Yesterday’s by-elections for senatorial seats in the upper parliamentary house of the French Parliament confirmed the difficulties that the Macronists have recently faced and marked the return of the far-right “National Assembly” to the Luxembourg Palace (Senate building), reported AFP.
The majority, as so far, remains in the hands of the center-right, the head of the parliamentary group in the Senate of the center-right party “Republicans” Bruno Rottaio was happy. This party continues to have the most senators after the partial vote.
In the elections yesterday, senators were elected for 170 seats out of a total of 348 seats in the Senate. Senators will have a term of 6 years. The next Senate by-election will be in 2026, when 178 senatorial seats will be voted on.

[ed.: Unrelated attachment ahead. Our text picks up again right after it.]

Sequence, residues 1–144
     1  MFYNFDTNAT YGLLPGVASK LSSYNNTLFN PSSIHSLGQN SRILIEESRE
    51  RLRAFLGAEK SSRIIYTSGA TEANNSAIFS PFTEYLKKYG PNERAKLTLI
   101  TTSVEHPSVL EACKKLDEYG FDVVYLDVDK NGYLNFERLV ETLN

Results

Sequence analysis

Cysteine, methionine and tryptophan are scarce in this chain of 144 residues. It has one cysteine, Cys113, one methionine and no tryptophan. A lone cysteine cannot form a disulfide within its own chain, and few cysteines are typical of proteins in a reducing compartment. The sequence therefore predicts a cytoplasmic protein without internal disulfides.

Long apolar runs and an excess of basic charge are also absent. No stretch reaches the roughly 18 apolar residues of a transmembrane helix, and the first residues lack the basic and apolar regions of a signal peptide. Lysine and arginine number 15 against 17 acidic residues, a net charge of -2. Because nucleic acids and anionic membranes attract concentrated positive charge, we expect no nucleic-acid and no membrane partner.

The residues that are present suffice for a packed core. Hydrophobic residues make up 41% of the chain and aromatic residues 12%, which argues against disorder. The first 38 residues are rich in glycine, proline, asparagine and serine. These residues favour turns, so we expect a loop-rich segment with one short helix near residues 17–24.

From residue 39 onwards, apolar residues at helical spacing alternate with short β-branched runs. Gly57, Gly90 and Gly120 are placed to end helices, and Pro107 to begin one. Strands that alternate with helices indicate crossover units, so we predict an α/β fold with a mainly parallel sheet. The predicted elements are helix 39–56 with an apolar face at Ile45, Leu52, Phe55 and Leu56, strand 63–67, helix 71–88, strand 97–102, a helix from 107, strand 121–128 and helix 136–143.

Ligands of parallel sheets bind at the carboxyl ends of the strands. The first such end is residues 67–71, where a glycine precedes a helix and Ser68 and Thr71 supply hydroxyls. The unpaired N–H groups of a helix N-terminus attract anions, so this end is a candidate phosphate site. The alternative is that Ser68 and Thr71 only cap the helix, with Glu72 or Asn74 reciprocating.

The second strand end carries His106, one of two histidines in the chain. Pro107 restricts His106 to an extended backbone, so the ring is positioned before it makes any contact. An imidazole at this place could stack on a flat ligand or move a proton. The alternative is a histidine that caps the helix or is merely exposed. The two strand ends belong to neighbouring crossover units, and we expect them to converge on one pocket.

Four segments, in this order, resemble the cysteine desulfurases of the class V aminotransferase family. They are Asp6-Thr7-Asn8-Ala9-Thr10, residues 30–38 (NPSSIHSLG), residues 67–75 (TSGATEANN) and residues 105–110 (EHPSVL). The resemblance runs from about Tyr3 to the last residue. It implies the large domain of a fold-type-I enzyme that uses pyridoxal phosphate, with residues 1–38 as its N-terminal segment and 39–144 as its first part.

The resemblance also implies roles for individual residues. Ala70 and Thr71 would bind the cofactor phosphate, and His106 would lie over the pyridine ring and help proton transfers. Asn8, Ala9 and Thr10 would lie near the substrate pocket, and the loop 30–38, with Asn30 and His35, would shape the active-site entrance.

The vote is indirect and usually has a hard time moving ordinary voters. An electoral college made up of 95 percent of municipal councils makes the Senate elections a reflection of the results of the country’s last municipal elections, in which the right did well in medium-sized cities. The Macronists again had trouble convincing members of the electoral college that President Emmanuel Macron’s government had done a good job. An emblematic defeat in this regard is that of the Secretary of State for Civil Affairs Sonia Backes, who in the second round in New Caledonia was defeated by the independent candidate for a senatorial seat, Robert Xovy.
The far-right National Assembly party returned to the upper house of parliament with three senatorial seats.
The Senate examines and votes on laws, and in this matter it has shared power with the lower house of parliament – the National Assembly. However, the National Assembly has the final say on any bill debated in both chambers. But the Senate cannot be dissolved, unlike the National Assembly.
The next important elections in France are those for the European Parliament in the spring of next year.